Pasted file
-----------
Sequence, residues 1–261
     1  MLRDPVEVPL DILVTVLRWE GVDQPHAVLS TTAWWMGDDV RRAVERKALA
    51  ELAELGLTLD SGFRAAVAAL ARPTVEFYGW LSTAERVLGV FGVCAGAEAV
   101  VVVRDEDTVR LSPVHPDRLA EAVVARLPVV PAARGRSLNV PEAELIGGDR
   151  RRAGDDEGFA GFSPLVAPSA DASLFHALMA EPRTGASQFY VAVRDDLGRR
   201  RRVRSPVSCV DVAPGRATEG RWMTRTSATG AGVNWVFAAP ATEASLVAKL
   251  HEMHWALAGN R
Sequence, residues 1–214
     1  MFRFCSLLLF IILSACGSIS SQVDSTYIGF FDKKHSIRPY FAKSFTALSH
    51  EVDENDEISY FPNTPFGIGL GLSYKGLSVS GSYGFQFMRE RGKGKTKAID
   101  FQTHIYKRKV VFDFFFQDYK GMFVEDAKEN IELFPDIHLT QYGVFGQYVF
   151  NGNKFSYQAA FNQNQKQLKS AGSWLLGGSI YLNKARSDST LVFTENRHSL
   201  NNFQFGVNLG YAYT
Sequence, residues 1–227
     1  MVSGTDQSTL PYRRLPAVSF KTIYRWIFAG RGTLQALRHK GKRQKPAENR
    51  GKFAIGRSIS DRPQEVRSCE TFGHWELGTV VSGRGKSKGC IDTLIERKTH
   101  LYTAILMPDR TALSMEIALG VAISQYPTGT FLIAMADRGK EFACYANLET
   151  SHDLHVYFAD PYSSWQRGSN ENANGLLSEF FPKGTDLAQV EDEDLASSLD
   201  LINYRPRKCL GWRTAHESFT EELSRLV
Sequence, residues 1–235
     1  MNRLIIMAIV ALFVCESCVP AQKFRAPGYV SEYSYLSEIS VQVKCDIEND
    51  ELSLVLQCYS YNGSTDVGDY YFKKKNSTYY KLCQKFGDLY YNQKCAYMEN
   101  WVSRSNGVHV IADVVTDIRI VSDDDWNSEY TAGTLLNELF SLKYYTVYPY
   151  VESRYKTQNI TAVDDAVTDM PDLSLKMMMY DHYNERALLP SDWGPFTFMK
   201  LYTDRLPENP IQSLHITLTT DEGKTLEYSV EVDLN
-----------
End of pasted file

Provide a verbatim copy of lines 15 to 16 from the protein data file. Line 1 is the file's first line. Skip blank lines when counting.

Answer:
     1  MVSGTDQSTL PYRRLPAVSF KTIYRWIFAG RGTLQALRHK GKRQKPAENR
    51  GKFAIGRSIS DRPQEVRSCE TFGHWELGTV VSGRGKSKGC IDTLIERKTH